It has been argued that in animal species the psi-factor is to be found at work in instinctive processes subserving reproduction. Ancient tradition and modern observation can both be adduced to support the hypothesis that in man too there is a close connexion between psychical and sexual activity.

One aspect of this is to be seen in the insistence upon virginity, chastity, or at the very least upon periodical spells of continence in those who deliberately attempt to cultivate and to use the psi-function, as in the traditional employment of a child under the age of puberty for scrying in the inkpool or the crystal.

If sexual activity inhibits the workings of psi, so also it seems can psi-activity inhibit biological processes connected with reproduction. Reference has already been made to Ronald Edwin's remark that during the long periods in which his clairvoyant powers were at their height he was completely free from physical desire. Women clairvoyants and mediums have noticed that in similar circumstances the menses do not occur.[2]

Persons of great vitality appear often to swing between the one impulse and the other, as seems to have happened in the cases of Rasputin, and of those late nineteenth-century occultist figures involved in sexual scandals. When such persons have carefully trained themselves to dissociate the unconscious mind, through which psi works, from the inhibitions of the conscious self; they have no means of resisting a temptation as violent as vision has been vivid. It is no coincidence that this kind of instability is associated with the cultivation of psychic powers.

Aleister Crowley
Deliberate attempts have of course been made from time to time to stimulate the psi-function by means of orgy. The cult of Dionysus and the life of Aleister Crowley afford concrete and revolting examples of this, and Arthur Rimbaud, writing in the 1870s, provided a prescription and a theory: "The poet makes himself a seer by a long, vast, and reasoned derangement of all the senses - every form of love, of suffering and of madness." It seems probable that if these attempts succeed it is because they are exceptionally forceful methods of dissociation; commending themselves especially to minds tight-laced into Greek rationalism, into the rigid doctrines of the Plymouth Brethren, or into the strict logic of the French educational system.

A form of dissociation akin to Rimbaud's "reasoned derangement of the senses" which has aroused much recent interest is that to be achieved by the use of hallucinogenic drugs like LSD. These sometimes permit detachment, the swallower remaining aware, throughout a series of overwhelming experiences, that they are subjective, in a state perhaps akin to that "dual functioning of consciousness" which enabled Lily Yeats to be aware simultaneously of her surroundings and of veridical hallucinations. Pace the opinion of the late Mrs Eileen Garrett who once told me that such drugs must release psi-activity in those who take them "because those experiences show us our real selves", it seems to me that they can at best act, so to speak, as snorkel masks, enabling or compelling people to sink into their own depths, there to perceive "under the glassy green translucent wave" all that can hardly, or very dimly, be seen from above the surface: the sand, the glimmering shoals of fish, a crab going sideways, the brilliant anemones, the fronds of seaweed, red and green and brown, stirring with the movements of the current or of some octopus emerging slowly and horribly from a cleft in the rocks they cover. But nothing can be seen that was not already there all the time; psi-activity may be revealed, but not stimulated.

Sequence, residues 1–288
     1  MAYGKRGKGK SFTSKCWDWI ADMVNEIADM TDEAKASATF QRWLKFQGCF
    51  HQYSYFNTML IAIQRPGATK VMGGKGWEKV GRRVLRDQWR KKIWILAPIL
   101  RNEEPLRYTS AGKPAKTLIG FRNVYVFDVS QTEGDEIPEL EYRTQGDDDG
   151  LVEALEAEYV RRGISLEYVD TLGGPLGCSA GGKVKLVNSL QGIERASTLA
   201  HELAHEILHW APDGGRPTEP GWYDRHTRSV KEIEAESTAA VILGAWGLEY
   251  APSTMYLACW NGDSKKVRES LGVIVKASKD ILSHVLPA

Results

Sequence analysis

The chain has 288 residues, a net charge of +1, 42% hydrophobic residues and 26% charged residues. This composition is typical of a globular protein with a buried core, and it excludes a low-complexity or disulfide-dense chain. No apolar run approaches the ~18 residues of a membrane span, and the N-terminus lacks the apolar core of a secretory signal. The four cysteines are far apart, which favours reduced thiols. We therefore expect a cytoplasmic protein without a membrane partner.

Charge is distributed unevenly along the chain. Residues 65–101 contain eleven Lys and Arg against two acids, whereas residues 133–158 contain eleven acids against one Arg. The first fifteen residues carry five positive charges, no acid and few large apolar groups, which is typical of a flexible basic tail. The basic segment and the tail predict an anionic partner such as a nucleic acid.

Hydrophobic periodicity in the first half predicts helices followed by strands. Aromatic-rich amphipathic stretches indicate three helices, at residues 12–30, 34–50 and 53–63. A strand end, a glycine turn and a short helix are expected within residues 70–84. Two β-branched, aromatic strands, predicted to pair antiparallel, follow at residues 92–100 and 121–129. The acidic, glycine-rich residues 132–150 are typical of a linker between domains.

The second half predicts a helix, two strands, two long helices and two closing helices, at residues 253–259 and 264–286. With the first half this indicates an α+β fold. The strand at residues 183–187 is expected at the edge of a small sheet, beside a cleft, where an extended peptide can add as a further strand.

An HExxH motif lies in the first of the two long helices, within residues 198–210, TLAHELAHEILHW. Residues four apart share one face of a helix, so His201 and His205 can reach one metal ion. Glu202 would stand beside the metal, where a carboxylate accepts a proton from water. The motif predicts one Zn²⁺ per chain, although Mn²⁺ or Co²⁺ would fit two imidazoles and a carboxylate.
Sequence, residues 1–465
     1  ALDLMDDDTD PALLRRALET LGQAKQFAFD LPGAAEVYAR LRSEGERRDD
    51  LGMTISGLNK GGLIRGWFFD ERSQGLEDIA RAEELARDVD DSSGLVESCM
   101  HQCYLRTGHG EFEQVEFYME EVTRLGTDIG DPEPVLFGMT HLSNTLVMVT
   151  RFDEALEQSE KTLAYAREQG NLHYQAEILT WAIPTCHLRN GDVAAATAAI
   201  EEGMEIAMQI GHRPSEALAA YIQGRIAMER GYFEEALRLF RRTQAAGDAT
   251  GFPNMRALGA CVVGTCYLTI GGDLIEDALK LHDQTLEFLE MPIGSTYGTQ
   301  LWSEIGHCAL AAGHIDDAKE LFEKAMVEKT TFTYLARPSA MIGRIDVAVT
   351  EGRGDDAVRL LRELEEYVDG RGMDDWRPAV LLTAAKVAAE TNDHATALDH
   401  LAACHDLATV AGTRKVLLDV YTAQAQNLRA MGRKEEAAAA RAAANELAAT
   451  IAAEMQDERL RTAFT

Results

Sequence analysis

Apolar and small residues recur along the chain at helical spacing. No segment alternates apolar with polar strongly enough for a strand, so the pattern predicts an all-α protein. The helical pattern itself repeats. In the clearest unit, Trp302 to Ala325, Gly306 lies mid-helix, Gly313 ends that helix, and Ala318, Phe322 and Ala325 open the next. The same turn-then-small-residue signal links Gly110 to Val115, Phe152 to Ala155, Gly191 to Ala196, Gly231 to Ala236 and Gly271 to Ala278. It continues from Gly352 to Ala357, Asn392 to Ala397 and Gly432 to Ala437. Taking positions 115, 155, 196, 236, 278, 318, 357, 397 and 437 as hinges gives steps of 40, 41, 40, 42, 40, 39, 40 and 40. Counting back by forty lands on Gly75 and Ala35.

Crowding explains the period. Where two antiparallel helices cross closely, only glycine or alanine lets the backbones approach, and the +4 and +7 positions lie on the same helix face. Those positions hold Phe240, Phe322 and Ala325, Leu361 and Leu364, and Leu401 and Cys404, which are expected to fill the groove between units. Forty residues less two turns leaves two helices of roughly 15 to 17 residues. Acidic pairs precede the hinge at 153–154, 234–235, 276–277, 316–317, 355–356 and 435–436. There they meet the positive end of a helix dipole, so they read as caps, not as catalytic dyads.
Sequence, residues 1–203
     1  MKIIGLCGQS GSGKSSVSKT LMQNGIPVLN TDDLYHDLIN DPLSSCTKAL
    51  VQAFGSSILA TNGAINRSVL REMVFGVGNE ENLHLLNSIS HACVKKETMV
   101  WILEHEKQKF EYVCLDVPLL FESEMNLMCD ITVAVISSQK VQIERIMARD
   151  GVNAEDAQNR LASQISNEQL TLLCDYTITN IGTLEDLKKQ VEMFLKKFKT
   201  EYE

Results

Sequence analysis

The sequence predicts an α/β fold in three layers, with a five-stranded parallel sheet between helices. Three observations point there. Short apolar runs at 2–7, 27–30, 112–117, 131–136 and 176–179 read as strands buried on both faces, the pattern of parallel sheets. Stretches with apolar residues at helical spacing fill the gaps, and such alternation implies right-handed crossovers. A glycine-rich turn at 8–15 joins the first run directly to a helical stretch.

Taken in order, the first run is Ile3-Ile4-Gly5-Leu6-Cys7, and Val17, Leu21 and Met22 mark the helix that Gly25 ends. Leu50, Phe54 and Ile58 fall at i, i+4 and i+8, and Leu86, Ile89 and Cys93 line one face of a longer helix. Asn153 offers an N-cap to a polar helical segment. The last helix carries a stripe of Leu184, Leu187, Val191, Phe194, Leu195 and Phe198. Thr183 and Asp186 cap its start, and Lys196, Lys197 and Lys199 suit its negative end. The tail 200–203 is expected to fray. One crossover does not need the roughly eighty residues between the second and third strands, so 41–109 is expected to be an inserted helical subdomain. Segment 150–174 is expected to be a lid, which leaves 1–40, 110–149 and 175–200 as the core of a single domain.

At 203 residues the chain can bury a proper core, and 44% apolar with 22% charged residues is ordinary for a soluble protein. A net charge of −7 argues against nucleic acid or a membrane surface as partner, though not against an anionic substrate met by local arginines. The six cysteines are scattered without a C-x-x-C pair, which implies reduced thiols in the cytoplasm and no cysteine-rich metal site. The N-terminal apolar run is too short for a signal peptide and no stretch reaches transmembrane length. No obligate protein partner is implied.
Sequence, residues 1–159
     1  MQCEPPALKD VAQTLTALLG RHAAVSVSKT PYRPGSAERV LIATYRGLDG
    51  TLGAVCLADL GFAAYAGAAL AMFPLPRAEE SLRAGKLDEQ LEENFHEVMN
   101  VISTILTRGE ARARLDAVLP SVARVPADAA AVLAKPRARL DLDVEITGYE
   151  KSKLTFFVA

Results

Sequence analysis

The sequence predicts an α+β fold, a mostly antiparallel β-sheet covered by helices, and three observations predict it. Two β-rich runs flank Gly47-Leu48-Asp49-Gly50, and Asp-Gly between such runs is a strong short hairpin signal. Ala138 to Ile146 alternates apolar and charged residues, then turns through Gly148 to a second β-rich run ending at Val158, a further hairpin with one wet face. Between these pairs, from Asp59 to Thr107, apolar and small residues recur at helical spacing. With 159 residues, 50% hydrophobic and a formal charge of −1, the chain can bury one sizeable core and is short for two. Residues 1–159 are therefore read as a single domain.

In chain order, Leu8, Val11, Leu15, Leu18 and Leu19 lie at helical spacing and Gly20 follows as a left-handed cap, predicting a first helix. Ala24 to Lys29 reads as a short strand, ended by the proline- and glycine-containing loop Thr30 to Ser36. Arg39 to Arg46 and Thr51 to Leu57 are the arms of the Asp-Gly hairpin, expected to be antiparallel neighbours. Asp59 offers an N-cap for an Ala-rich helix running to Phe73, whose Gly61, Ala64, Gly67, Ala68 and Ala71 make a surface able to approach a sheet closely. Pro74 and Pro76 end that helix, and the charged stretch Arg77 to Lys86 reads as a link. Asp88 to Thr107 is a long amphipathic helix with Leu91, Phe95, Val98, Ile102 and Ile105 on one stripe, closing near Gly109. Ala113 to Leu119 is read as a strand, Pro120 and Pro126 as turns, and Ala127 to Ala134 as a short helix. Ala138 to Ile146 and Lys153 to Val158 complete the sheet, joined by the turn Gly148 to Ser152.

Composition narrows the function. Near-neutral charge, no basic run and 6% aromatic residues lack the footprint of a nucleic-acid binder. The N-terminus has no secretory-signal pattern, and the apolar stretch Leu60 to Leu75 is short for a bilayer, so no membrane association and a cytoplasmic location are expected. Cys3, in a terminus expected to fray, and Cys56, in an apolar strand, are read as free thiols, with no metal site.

I have already touched upon the way in which extra-sensory is linked with sensory perception, knowledge intuitively received expressing itself through such a network of associated images as carries remembrance, but with much greater vividness. Sometimes the percipient projects this imagery upon the outside world (as a magic lantern projects large and clear on a white sheet the picture, tiny and obscure in the lantern slide), and then becomes aware of it reflected back to himself as say an exterior "vision" or "voice".[3] Sometimes he is conscious of it as an inner experience of peculiar intensity. This may happen in connexion with telepathy with the dead. Which form it takes is probably determined by the temperament and conditioning of the percipient. Thus one woman, completely absorbed in sorting out the personal papers of a lately dead father who could not bear to have his personal possessions touched, might be so roused and shocked by the sudden unexpected sense of a furious presence as to say to the empty soundless room, "Darling, I'm terribly sorry, but as you're dead it's got to be done, and I'm the best person to do it"; another might "see" or "hear" the dead man; or yet another project a similar awareness in the form of poltergeist disturbances.